Like marathoners run with their eyes firmly focused on the prize, you also need a clear goal that is inspiring your savings. If you are saving without a clear purpose, the temptation to divert your savings to other unimportant or impulsive choices becomes high.
Making regular and consistent savings requires some structure at a personal level. It is not enough to want to save, but you need a sustainable strategy to enhance your savings.
One of the major strategies to ensure you save, save consistently, and come as close as possible to achieving your goals is automation. Here, you can either set a standing order to be depositing a specific amount of money from your paycheck into your savings account at a specific date each month - or ask your employer to directly deposit a portion of your monthly pay into your savings account.
If you have been struggling with your savings, there are a number of ways you can change the tide before the year ends. It is important to understand that anyone can save, as long as they are committed to it.
Some people, because of their personalities and backgrounds, may find saving to be easier than others. However, there are now tools that are specifically designed to help you save more - whether or not you find saving difficult or easy.
One such tool is the Absa Digital Savings Account which has specific features that ease the savings journey. The digital nature of the account particularly facilitates the saving habits of modern-day savers.
One of the outstanding features of the Absa Digital Savings Account is that it is fully digital from the opening process to operating it. This means that you do not need to physically go to the branch to open it. You also do not have to fill loads of paperwork - as with the traditional savings account.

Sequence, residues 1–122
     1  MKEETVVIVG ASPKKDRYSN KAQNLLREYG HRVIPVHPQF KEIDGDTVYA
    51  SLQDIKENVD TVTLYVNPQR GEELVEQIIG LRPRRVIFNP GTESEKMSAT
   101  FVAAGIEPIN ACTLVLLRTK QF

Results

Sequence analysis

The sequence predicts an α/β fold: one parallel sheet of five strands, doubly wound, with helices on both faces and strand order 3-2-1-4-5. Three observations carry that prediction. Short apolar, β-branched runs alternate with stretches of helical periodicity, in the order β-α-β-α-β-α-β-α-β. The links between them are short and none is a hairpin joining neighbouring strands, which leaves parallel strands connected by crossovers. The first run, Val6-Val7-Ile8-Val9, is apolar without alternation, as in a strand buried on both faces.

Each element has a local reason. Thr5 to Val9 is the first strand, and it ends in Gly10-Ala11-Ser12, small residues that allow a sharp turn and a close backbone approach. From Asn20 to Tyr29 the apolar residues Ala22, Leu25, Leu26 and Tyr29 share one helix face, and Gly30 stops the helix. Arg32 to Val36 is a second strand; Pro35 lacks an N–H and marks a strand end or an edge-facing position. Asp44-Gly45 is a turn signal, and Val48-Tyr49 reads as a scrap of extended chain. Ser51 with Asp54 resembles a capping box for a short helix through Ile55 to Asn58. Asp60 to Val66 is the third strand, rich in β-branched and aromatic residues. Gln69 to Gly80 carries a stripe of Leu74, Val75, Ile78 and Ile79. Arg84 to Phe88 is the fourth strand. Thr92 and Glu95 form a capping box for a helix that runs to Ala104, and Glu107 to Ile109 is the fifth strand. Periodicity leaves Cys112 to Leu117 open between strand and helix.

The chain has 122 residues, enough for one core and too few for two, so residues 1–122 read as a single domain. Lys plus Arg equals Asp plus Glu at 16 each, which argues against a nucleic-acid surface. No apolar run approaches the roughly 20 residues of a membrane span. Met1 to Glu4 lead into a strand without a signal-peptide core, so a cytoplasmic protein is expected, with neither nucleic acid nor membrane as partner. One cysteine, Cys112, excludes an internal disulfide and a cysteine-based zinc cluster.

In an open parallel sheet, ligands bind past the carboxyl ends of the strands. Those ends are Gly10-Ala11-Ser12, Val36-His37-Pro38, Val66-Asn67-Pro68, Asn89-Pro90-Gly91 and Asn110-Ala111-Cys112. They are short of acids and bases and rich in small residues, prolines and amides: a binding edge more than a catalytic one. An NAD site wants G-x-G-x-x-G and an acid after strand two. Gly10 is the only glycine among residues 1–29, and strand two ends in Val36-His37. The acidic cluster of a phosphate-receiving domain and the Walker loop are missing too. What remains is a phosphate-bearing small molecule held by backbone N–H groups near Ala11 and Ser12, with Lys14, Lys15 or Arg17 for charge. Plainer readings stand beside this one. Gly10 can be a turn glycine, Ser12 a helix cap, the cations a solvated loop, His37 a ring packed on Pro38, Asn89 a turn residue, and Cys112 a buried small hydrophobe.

These can be uploaded in JPEG, JPG, PNG or PDF formats. For the signature specimen, you have to make sure it is signed on a white piece of paper.
This information is submitted online, making it convenient for those who may not have the time or be in a position to visit a physical branch. You can learn about the detailed step-by-step process of opening the Absa Digital Savings Account here.
The Absa Digital Savings Account has the potential to transform your savings goal through a number of features which we will discuss below:
Automation allows you to save without actively thinking about it. Experts have observed that human beings are naturally prone to procrastination. This may explain why some people are always planning to start saving next month, or next year, but actually never do.
Whenever you receive your salary, you may plan to save, but it becomes very easy to forget about your savings plan and redirect the funds to other expenses over time. Thus, the concept of automation is based on the premise that making a saving is a form of paying yourself.
To pay yourself first means that the saving deduction is given first priority. This can be through a standing order to the bank, around the time you receive your salary.
You could also work out an arrangement with your employer to have the share of your salary dedicated to savings automatically deducted and sent to the Absa Digital Savings Account.